OK, I'll be serious just this one time.
I've read quite a bit on the subject and have yet to see one shred of admissible evidence that anyone other than William Shakespeare of Stratford-upon-Avon wrote the works which bear his name. Most of the nay-sayers are people who just can't stand to admit that the son of a glover with no more than a village school education could have penned works of everlasting beauty and value. Examined closely, hardly any of their arguments hold any water at all.
For example, there's always the tired old claim that a "mere lowly actor" like Shakespeare could not have known the intricacies of the royal court to write some of his scenes. Well, who says those scenes are accurate at all? Shakespeare was certainly more familiar with doings at the Court of St. James than the average man on the street who attended the plays, having given any number of performances at that court with Queen Elizabeth I (and later, of course, King James I) in attendance. Beyond that, there's no reason to assume he was privy to secret intrigues except as he himself might have become involved in them. (George Bernard Shaw imagines Mary Fitton, a lady in waiting to QE I, as being the 'Dark Lady' of Shakespeare's sonnets and, hence, possibly his inamorata at court. There is absolutely no evidence for this whatever and anyone who tries to echo Shaw's theory runs the risk of being accused of plagiaristic usurpation of an indefensible theme. That has happened, btw, to an author who assumed that Shaw's flight of fancy reflected accurate history.)
There are those, too, who echo Ben Jonson's libelous claim (which was intended as part of a compliment to the Bard) that Shakespeare knew "little Latin and less Greek." That claim is not only libelous, it is spurious and these days is made generally by peole who have little or no knowledge of the carricula in those "village schools" which were administered by the Church of England. Graduating from the school at Strtford, Shakespeare would have had to be quite fluent in both Latin and Greek to earn a diploma. There is no reason to assume that he wasn't so. But if, for the sake of argument, we accept Jonson's criticism as valid -- so what? Where in the plays need he display any more knowledge of either of the ancient languages than what any first-year Latin student would know? I can understand every Latin reference in Shakespeare's plays and I have taken exatly one course in first-year Latin. You don't need a dictionary to know what Et tu, Brute?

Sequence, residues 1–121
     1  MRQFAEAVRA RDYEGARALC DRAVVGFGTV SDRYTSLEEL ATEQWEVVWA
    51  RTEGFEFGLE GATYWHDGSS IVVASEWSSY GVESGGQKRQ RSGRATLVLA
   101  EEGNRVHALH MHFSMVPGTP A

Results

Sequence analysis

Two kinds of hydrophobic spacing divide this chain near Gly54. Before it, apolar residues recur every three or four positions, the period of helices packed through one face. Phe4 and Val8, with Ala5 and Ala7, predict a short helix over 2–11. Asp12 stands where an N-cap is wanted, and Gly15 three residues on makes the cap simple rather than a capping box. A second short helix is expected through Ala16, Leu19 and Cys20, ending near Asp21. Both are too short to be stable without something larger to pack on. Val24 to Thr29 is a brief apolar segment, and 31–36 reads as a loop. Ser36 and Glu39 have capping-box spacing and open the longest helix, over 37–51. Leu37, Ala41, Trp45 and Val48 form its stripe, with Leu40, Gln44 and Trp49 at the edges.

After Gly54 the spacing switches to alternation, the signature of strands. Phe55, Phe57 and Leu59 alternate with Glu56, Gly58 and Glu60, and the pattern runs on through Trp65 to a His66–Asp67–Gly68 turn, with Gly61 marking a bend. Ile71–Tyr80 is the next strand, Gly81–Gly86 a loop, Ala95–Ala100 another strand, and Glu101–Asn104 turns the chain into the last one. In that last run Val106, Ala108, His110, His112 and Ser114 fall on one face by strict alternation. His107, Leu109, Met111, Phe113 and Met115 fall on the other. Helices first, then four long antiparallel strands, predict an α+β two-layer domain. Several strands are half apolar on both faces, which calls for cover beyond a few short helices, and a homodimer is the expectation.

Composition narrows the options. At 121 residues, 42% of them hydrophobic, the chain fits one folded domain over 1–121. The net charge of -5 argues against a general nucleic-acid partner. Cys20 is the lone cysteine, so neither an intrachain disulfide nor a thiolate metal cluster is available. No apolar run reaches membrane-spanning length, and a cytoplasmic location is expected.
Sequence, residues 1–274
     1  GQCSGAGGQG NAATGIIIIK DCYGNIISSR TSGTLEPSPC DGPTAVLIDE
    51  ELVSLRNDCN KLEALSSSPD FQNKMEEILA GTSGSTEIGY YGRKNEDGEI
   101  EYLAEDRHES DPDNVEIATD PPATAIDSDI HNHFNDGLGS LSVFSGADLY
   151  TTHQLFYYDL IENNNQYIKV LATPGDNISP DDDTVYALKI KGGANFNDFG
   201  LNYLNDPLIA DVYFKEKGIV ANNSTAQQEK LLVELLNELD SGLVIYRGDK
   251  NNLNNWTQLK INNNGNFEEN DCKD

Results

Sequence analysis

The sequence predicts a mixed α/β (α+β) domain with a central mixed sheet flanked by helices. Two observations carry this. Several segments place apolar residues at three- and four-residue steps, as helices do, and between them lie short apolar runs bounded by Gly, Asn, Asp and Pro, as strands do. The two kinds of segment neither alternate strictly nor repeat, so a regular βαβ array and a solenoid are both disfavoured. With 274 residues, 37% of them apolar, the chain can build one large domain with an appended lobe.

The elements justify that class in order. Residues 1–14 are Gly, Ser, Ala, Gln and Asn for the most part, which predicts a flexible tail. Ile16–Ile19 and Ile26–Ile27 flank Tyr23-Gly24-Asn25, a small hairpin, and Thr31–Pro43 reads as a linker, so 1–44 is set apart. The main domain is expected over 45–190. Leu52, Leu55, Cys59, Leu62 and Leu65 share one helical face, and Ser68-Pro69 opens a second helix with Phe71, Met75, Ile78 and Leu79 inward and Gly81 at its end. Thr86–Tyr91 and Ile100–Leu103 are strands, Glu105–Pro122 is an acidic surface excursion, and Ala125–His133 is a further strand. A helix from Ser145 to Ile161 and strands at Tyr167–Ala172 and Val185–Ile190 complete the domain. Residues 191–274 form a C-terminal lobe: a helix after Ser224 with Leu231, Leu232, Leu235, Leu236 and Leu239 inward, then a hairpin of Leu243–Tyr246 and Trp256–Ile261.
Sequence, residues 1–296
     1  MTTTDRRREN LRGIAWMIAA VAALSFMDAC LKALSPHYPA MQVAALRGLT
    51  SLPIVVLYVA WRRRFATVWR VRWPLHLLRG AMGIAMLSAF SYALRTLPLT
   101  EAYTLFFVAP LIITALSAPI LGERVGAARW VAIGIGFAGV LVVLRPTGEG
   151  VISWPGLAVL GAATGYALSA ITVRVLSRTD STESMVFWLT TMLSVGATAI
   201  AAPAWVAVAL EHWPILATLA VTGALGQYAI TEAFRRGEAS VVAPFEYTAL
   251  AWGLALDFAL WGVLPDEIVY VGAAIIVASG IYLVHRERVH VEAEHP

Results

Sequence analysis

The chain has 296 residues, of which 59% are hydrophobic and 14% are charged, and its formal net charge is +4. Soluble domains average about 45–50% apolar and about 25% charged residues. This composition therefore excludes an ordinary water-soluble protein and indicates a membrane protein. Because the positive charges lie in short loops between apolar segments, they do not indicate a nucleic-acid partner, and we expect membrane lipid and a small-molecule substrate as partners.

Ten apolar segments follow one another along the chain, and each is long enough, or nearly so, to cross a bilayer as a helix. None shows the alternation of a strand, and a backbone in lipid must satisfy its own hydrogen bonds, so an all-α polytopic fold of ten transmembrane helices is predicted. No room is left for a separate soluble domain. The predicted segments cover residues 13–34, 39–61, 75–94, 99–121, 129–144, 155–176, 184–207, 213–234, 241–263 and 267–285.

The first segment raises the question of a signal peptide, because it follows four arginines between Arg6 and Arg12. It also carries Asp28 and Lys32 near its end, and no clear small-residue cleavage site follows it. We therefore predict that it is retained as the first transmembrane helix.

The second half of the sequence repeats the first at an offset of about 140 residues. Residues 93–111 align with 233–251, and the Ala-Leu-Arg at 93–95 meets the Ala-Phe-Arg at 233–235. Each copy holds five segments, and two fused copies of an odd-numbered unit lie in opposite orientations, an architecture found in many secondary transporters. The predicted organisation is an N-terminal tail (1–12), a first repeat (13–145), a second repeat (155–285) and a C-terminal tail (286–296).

As for that impressive list of names that you've posted above, Rick, it is completely meaningless. Mark Twain was also a communicant of the Episcopal Church. Am I to believe everything he may or may not have believed? John Gielgud, for all I know, might have been a closet Scientologist. The point is that these are the personal beliefs and convictions of some people who may well have other convictions I wouldn't agree with either. (In the case of Mark Twain, btw, I'm not sure just how serious he was; it sounds like something he might have thrown out at ssome point and regretted having said later.) None of the people on your list is a particularly noted Shakespearean scholar. Certainly not the James boys, William and Henry. Or Jesse and Frank, for that matter.
In the final analysis, the only reason to even question the authorship of the plays is that it's an academic road to recognition as a "deep thinker" and "researcher." This is revisionist history at its most blatantly worst, academics struggling desperately to find something attention-getting to write popular books about. The paucity of verifyable documentation from the Elizabethan and Jacobean periods makes this sort of game playing fairly easy. Just find a letter that Lord Huffenpuff wrote to the Earl of Nunsuch in 1583 wherein he uses the expression, "...and to thineown self be true..." and -- aha! -- we have verification that his Lordship used the phrase long before it was put into the mouth of Polonius in Hamlet.
Hence, QED. Lord Whozis wrote the plays that S. Claimed credit for.
And if you think that's strong circumstantial evidence, I certainly don't want you on any jury where I'm the defendant.